Speaking of talking across disciplines, philosopher Nancy Cartwright has been doing some interesting work on randomized control trials in public health/medicine. Apparently (3:56) she has been having trouble with researchers outside of her field. Still, I really like her point that RCTs *can* be used to discover the causes of things, but that those causes are usually (always?) local. That is, we *can* discover that a particular treatment causes a particular benefit in a particular village, but that stronger assumptions than the usual ones associated with RCTs are necessary for determining if this treatment will also cause the same benefit in another village. Its essentially the extrapolation problem in terms of causation in RCTs. It reminded me of a similar problem with information criteria pointed out by another philosopher.

I really liked Cartwright’s ‘How the Laws of Physics Lie’ when I read it a while ago. A central theme for Cartwright is that scientific knowledge is local. That is, even if there are ‘universal laws’ (a claim that Cartwright isn’t so sure about), we still need a good understanding of the particular place and time in which we try to apply such laws (e.g. sure gravity is a general principle, but if you don’t consider air resistance you’ll miscalculate the rate at which a feather falls to the ground). This is especially true in sciences like economics, public health, and ecology. Cartwright argues that we not only need good general theories, but also good local theories. Local theories are things like an understanding of the culture of a particular village, or the pollution history of a particular ecological study site. This is why I’m generally a supporter of natural history, something I don’t do. Jeremy Fox, for example, agrees but prefers natural history to be something that needs to be done but not written about in our best journals. I don’t quite agree but understand where he’s coming from and still don’t quite understand what rubs me the wrong way.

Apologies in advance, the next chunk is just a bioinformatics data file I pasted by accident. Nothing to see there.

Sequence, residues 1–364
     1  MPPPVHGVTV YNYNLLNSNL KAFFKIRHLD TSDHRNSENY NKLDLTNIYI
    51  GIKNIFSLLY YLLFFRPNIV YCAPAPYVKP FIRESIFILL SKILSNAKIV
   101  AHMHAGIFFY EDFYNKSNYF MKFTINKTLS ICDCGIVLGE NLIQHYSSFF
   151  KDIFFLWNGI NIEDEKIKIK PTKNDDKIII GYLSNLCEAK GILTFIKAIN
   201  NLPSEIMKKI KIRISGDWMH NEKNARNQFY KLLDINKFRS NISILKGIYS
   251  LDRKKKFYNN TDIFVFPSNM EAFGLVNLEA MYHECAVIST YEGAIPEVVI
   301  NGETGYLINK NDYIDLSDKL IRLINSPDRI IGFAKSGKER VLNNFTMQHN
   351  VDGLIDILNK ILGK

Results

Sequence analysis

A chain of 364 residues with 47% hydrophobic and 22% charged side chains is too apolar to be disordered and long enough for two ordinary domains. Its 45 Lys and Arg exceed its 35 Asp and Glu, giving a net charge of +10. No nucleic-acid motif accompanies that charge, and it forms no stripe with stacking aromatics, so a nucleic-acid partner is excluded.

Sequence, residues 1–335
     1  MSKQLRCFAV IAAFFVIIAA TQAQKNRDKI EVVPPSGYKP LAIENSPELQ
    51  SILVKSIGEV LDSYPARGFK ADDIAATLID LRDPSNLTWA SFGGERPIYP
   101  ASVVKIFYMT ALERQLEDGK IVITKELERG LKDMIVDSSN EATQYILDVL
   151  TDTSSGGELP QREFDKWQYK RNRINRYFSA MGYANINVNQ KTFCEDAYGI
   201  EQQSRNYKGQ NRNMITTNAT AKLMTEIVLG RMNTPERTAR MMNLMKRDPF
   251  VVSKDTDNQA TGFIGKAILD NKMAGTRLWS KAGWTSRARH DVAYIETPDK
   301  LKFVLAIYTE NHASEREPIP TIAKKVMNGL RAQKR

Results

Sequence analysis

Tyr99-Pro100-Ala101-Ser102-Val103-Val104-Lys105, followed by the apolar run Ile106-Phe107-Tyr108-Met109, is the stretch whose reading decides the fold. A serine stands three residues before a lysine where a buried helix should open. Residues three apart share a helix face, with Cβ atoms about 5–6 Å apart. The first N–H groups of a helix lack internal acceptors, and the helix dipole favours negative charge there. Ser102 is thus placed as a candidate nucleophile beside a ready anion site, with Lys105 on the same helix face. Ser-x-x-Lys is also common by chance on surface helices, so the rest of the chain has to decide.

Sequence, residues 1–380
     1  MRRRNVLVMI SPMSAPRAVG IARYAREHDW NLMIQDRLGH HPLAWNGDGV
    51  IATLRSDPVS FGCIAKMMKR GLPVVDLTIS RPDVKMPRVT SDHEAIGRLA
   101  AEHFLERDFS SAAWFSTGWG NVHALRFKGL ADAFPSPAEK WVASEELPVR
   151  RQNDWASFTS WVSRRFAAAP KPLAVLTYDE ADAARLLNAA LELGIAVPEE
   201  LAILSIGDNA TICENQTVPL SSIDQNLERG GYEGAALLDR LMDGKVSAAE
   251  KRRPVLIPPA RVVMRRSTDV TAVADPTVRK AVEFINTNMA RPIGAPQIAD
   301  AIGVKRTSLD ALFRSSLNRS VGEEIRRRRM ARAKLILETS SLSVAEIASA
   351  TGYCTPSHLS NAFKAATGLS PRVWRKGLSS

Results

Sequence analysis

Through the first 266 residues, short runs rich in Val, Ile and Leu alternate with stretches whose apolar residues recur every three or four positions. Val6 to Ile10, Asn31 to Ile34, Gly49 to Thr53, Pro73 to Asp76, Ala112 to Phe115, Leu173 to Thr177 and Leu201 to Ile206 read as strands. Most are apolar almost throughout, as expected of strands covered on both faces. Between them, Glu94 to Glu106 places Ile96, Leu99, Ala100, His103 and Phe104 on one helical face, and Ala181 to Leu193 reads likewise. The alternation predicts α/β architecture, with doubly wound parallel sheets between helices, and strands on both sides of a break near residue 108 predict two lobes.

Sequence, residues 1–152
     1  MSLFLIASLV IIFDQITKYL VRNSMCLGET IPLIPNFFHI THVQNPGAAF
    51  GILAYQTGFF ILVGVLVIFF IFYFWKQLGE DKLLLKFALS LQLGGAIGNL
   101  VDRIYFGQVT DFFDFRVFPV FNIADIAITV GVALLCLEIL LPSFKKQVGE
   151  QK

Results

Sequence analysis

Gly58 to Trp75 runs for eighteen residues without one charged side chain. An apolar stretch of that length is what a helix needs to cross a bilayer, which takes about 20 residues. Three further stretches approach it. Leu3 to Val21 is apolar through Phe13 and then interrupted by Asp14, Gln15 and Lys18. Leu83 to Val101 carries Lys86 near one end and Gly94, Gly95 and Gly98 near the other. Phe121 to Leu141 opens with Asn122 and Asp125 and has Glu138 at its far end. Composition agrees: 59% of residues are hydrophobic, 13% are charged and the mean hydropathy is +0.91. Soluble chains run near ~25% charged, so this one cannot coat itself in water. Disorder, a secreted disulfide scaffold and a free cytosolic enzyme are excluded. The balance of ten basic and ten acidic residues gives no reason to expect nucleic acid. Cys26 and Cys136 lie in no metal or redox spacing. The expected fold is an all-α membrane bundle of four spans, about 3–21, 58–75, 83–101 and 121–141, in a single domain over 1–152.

In any case, I think that creating good local theories is very important, maybe because that’s essentially what my own research concerns. Observational descriptive studies are important because they teach us about the kinds of states that ecosystems, populations, and communities actually find themselves in. I interpret Cartwright as justification for needing both rigorous causal studies (e.g. RCTs, ecological microcosms) and observational descriptive studies (well-parameterized empirical models). These aren’t novel ideas I’m having, but Cartwright brings new excitement to them for me. I like the way Cartwright refers to ‘local theories’ (an example of which I take to be observational statistical modeling) rather than the more pejorative ‘descriptive studies’.

Enough rambling, but I’m glad to get that off my chest.

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5 Comments leave one →
  1. June 22, 2013 8:19 pm

    Good one Steve, very good.

  2. June 22, 2013 8:58 pm

    Thanks for enlightening me about the myth of the framework. I didn’t know it, but I find highly productive to discuss “pollination” issues with “bird people”, as we do slightly similar things on very different frameworks. We usually end up cross-pollinating both worlds with the strengths of each approach.

    • June 23, 2013 3:21 am

      Thanks. Re birds and bees: I imagine that framework space is continuous, and that the closer together two frameworks the easier it is to find common ground, but also harder for any big leaps forward to result from the interactions. Maybe birds and bees are near to the optimal distance apart?